Back to the pile above though, here are the 'series' that caught my eye as possible options.
Tickets. I loved the colour here but didn't really want to cut the picture up in to three sections. I was worried it would lose the feeling that this single image captures.
Pay-per-view binoculars: these are just three but you can see under the middle one that there are a few more poking out.
Black & white to colour imagery: thought this was interesting, especially since black & white was my first instinct...
And this one here full of different rulers and the like.
I was still a bit torn so I propped up each 'set' against the frames sitting on the back of the couch. I did each one like this...
And then I made my choice. Spoiler alert - it's the pay-per-view binocular series! I loved the colours and mood of these pics. I had to go with them.
Then I set about framing them. The frames are quite old but I think I got them from Real Canadian Superstore (about 10 years ago)!
I have a few framing tricks for you though to make your framed pieces look like a million bucks. Number one is to have your mats custom cut. The word 'custom' can conjure up images of dollar signs but it's actually not expensive at all. If memory serves, these were $7 each and you end up with beautiful thick mats that really highlight whatever you are framing. I like to make them nice and generous. I find the ones that come in the frames are always a bit skimpy and have very thin margins. Ample white space = great showcasing of your subject. I think they look more like gallery pieces this way. I had the foyer and bathroom ones shown earlier custom cut too.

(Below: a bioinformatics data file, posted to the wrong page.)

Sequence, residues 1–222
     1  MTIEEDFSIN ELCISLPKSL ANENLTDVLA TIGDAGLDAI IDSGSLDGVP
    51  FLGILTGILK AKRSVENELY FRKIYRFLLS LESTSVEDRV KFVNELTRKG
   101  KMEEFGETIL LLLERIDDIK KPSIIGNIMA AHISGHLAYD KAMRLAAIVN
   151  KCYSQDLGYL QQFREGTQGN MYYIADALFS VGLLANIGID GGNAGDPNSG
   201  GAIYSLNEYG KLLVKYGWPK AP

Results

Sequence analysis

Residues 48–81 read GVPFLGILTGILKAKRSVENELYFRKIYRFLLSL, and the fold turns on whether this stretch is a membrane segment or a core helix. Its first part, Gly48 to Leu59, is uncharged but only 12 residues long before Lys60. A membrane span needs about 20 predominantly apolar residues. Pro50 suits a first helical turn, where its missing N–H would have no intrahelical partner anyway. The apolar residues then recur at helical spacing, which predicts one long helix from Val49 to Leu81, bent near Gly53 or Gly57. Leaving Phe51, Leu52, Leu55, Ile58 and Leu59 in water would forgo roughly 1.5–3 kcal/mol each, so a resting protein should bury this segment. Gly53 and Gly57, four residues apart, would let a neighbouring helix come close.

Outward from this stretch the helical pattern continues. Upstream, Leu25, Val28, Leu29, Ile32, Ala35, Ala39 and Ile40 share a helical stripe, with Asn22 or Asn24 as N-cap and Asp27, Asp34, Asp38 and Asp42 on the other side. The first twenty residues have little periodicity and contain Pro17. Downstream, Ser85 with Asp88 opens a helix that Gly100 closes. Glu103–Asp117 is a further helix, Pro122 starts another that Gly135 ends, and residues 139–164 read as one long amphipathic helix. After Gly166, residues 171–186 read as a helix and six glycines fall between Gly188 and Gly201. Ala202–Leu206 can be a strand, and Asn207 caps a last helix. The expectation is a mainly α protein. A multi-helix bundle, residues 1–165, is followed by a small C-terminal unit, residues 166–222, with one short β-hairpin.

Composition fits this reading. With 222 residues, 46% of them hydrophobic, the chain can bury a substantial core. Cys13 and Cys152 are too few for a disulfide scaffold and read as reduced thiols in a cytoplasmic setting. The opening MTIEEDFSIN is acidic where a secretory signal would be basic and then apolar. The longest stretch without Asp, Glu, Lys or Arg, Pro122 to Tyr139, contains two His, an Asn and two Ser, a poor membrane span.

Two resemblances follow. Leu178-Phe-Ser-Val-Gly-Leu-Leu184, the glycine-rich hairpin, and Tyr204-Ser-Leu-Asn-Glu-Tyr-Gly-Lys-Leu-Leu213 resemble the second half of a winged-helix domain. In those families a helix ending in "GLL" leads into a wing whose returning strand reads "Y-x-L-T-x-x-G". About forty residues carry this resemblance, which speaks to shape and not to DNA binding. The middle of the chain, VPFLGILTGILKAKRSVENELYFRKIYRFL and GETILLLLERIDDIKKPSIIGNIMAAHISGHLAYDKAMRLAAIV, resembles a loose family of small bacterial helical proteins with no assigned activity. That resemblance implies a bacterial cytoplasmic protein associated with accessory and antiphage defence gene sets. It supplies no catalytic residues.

My second tip is to put a piece of tape on the backside top edge of your photo/picture/art print with the sticky side facing up. This way, when you centre your image in the mat opening all you have to do is lightly press down on the top of the opening and your image will get 'tacked' in to place. Then you can flip the mat over and tape your image securely in place to reinforce it.
After all three were framed I marked the wall using a level and a pencil. Then I turned to my favourite 3M picture hanging strips. I love these things. Easiest way to hang art without ever damaging your wall. Golden. I used the strips like this on two of the frames but placed them top and bottom middle for the centre frame (as it is on the moulding versus the flat wall as you will see).
So here is the 'before' again for you...
And the 'after'!
Here are some close ups of the art prints.
right hand side:
I love how the soft haze in the photos really helps link the cream in the couch to the grey on the wall. And because I used what I had on hand this whole project probably cost me less than how much one of those pay-per-view binoculars charge! The only supply I had to get was some new picture hanging strips because I was out.
A few more angles for you...
I think it really finishes off the space and helps identify the 'living room' area in this open concept space (the dining table is just to the right of this area).
What about you? Any picture hanging tips or favourite things to frame? Any secret nerd confessions that you are just dying to get out? Please share ;)